Over time, changes in your gum tissue and jawbone can affect the way your dentures fit and feel. Your restoration may begin to feel loose and move more frequently. There are two methods for improving the fit of an existing set of dentures: rebasing or relining. Rebasing involves fabricating an entirely new plate, or base, for your dentures. This process can take a long time and require you to wear a temporary restoration. For a quicker solution, you can bring your restoration to your dentist’s office for a denture reline. A reline can immediately improve the fit of your dentures and your comfort.
When Is a Reline Necessary?
The bones and tissues in your smile change over time. These changes can occur as a natural part of the aging process, or they may be caused by bone atrophy following tooth loss. When your dentures do not fit correctly, their movement can wear down soft tissue and jawbone. If your dentures are no longer comfortable, you may need to have them relined. Relining your dentures regularly can prevent more extensive damage to the supporting structures of your smile.
How Often Should I Reline My Dentures?
Typically, denture patients require a reline every one to two years. Keep in mind that this process will not affect the appearance of your denture.
The Relining Procedure
A typical denture reline takes between 30 minutes and one hour. Once it is complete, you can take your dentures home with you right away. In some cases, your dentist may recommend a temporary reline if there is an extensive amount of gum irritation. If this is the case, you will need to return for an additional reline once your gums heal.
By performing regular relines on your denture, you can save yourself the time and money associated with rebasing or replacing your restoration.
During the procedure, your dentist will clean your denture and then remove a small amount of material from the base that rests on your gums. Your dentist can then apply resin to the inside of the dentures and place the denture back onto your gums while the resin is still liquid. This step creates a new impression. As the resin hardens, it tightens and creates a better seal on your gums. Your dentist can then check the new fit of your dentures to ensure you are satisfied with the results.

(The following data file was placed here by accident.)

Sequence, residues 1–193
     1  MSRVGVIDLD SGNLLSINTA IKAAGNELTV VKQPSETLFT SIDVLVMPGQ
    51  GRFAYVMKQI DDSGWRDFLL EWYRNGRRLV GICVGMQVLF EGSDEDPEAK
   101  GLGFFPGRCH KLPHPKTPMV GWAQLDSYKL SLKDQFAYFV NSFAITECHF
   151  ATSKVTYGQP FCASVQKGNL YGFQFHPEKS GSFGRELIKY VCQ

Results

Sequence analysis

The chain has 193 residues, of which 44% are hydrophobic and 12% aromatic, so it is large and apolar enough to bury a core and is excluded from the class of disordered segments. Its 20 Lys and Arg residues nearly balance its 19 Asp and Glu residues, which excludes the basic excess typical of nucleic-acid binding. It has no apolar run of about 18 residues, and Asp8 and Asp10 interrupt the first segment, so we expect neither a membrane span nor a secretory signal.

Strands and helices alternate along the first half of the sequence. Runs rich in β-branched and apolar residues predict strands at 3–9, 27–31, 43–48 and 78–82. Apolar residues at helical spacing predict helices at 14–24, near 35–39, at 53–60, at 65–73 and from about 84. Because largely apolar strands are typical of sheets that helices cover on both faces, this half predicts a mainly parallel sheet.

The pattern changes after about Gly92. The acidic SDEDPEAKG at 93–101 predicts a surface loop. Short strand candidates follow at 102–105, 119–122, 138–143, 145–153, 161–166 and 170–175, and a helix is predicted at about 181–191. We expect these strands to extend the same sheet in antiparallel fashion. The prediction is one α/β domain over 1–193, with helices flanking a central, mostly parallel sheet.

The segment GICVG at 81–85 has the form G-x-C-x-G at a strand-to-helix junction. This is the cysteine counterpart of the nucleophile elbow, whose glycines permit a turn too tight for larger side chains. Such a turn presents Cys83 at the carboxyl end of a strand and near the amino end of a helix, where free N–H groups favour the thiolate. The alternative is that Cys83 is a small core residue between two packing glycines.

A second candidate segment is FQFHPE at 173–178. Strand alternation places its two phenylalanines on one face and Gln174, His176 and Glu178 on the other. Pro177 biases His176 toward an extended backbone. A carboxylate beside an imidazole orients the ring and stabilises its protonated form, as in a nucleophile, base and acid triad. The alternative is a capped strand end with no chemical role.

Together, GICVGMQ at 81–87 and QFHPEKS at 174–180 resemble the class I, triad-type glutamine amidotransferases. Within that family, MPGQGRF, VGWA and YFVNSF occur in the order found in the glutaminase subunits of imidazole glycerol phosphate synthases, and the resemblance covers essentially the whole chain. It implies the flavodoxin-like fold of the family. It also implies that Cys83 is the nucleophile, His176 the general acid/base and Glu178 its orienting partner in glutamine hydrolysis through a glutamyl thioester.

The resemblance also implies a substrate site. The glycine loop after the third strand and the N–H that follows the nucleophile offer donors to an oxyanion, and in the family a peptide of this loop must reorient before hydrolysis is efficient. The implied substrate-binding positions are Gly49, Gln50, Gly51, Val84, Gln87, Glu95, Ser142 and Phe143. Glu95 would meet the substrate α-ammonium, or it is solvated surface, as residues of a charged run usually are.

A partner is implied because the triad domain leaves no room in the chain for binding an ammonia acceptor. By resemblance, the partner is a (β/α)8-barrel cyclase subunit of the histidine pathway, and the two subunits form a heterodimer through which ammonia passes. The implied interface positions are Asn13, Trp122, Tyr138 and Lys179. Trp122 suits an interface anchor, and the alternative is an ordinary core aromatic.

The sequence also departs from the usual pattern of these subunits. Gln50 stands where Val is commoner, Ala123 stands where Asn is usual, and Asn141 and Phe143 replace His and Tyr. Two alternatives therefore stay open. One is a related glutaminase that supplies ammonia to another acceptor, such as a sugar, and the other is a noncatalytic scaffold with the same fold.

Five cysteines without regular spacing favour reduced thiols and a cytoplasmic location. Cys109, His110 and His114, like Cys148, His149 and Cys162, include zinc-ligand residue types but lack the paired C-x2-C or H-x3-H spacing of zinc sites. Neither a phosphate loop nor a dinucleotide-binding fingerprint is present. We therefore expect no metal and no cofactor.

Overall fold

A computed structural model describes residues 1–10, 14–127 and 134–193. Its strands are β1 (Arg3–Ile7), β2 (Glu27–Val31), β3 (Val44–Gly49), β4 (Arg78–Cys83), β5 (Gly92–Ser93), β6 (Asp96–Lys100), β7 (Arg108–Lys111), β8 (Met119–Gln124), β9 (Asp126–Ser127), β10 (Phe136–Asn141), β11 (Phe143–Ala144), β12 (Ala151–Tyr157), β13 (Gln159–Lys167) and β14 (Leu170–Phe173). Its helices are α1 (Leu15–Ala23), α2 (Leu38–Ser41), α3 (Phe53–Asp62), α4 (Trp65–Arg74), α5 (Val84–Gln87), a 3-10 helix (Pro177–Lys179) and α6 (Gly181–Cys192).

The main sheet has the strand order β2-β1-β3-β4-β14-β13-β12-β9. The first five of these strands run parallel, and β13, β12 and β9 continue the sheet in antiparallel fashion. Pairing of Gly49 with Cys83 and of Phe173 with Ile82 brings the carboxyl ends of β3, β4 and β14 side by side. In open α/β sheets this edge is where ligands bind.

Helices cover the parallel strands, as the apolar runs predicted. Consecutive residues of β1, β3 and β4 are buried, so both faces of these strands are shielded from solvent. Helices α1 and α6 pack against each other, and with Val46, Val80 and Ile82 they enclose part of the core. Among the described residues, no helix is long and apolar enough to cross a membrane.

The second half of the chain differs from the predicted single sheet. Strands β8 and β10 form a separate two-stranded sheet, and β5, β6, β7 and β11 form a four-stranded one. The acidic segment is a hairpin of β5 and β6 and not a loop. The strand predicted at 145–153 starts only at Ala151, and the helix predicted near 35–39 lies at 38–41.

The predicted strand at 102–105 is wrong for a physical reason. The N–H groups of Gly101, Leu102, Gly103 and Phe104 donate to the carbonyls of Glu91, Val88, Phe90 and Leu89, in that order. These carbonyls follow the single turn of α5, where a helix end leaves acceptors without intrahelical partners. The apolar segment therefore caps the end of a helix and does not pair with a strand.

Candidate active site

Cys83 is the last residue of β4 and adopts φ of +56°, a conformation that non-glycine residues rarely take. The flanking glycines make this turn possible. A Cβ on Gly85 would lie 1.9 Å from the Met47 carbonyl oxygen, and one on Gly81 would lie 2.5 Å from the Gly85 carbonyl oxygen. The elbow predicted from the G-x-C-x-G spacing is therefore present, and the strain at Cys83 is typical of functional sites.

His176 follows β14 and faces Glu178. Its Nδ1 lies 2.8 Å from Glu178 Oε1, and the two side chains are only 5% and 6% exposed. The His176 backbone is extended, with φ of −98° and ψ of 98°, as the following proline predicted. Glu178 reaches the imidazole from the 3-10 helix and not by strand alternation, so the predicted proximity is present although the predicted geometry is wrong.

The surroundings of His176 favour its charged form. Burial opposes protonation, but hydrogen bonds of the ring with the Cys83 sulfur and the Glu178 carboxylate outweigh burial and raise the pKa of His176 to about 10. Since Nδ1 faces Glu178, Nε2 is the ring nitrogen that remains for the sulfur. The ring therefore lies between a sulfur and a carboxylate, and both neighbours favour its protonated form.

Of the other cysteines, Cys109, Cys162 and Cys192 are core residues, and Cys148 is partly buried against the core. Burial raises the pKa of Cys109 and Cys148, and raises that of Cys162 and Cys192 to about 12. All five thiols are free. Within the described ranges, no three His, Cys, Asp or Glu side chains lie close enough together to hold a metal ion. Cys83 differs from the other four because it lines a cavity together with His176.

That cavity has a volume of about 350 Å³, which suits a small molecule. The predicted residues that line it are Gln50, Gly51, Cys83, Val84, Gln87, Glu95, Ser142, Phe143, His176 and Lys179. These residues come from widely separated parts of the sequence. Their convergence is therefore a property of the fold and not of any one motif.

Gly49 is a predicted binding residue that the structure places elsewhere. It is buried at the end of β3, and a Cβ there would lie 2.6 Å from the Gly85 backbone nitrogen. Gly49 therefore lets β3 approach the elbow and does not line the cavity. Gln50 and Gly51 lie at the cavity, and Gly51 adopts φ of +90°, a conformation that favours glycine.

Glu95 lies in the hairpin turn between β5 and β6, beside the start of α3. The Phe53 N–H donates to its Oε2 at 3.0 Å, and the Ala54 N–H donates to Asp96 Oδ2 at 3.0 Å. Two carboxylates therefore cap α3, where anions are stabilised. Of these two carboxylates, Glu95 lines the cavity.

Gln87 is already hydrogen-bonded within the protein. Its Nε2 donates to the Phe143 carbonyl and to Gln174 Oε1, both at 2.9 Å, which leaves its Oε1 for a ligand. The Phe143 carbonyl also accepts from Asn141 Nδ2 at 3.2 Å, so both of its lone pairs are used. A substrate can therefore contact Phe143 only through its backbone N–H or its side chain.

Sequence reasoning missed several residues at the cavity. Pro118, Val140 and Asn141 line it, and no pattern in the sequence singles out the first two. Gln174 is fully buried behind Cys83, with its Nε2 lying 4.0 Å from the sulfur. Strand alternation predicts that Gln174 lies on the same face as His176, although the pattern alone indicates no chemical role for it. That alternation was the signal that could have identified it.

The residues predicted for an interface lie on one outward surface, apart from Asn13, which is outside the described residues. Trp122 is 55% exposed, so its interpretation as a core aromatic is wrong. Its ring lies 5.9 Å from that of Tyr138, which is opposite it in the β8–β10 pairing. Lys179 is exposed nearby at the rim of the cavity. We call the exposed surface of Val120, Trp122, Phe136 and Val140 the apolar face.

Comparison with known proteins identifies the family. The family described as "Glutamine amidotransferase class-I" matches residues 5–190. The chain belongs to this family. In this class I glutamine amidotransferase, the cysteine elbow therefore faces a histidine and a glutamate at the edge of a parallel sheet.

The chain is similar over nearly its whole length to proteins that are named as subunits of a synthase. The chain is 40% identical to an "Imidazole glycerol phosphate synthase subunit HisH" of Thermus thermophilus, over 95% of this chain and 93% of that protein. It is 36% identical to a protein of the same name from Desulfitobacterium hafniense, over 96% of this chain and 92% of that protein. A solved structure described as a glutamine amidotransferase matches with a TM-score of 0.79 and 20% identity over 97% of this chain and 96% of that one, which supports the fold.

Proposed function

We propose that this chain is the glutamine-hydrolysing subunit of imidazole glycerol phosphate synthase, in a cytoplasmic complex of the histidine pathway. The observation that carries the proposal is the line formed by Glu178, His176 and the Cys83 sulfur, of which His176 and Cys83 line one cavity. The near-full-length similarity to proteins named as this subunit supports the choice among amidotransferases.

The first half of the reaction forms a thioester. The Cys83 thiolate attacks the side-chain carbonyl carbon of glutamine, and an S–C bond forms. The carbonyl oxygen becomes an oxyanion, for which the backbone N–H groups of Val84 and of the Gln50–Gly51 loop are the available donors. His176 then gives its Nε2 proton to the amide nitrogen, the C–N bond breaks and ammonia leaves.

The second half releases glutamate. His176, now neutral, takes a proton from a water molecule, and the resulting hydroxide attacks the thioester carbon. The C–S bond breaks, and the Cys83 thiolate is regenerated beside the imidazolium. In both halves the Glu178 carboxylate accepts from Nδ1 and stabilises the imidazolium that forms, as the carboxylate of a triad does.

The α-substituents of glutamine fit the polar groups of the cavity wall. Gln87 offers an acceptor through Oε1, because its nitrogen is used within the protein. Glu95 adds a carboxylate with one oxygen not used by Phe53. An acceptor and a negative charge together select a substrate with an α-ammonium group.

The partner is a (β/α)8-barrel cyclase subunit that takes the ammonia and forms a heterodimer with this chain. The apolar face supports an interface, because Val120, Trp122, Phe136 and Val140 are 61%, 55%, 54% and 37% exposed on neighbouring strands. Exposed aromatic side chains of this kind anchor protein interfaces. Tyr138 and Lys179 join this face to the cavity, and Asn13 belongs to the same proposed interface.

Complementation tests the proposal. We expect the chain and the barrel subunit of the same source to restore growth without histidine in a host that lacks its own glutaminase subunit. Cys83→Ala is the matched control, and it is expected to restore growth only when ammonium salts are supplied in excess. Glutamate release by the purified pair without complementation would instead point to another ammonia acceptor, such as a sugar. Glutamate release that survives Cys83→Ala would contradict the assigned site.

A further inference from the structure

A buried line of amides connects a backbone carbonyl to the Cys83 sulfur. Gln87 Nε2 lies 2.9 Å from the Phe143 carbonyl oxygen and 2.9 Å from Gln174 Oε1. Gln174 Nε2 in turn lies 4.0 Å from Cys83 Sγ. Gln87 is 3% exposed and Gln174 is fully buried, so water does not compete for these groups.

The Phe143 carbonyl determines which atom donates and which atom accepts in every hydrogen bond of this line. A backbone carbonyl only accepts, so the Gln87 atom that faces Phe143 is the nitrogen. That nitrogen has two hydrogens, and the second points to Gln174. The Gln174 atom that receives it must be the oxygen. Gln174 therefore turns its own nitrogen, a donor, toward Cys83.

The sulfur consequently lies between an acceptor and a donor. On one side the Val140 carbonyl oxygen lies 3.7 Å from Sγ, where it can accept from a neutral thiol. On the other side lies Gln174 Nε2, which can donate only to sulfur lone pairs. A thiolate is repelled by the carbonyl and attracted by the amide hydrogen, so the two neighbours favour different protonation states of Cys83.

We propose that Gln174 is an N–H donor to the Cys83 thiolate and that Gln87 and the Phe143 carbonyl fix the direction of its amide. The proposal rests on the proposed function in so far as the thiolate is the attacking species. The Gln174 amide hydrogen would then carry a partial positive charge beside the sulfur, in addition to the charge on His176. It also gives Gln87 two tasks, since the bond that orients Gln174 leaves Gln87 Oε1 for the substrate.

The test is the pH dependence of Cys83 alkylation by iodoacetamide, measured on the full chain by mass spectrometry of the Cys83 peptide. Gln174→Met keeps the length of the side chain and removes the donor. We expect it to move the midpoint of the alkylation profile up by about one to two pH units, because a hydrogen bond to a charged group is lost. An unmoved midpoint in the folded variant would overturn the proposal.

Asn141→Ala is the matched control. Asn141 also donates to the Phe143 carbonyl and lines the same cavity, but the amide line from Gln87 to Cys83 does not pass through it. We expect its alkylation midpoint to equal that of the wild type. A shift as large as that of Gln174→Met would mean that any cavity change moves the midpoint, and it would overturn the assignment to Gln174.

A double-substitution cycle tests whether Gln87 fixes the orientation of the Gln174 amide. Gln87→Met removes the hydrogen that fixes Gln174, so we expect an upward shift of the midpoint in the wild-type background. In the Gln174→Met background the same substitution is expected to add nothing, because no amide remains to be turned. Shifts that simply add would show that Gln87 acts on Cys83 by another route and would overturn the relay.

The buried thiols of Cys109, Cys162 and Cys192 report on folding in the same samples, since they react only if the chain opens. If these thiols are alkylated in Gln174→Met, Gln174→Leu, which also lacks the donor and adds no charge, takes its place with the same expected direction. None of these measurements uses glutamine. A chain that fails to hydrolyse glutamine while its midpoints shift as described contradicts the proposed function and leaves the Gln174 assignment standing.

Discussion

Types of Relines
There are two resins which can be used to reline your dentures: hard or soft. Your dentist can explain the difference between them and recommend the optimal reline method for your needs.
A hard reline tends to last longer than soft resin. However it is not as flexible and may not be suitable for patients with sensitive gums. While a hard reline can be performed in the office, some dentists prefer to send impressions out to a dental laboratory to minimize the possibility of complications.
Many denture wearers prefer soft resin relines because they tend to be more comfortable. To create a soft reline, your dentist can use a pliable silicone material to line the denture. This material is more flexible and comfortable than hard resin. However, it requires more frequent replacement.
Save Time and Money
By performing regular relines on your denture, you can save yourself the time and money associated with rebasing or replacing your restoration. You can also experience more comfort and minimize the wear and tear on your gums and soft tissues. In general, relines are the most affordable option for repairing ill-fitting dentures.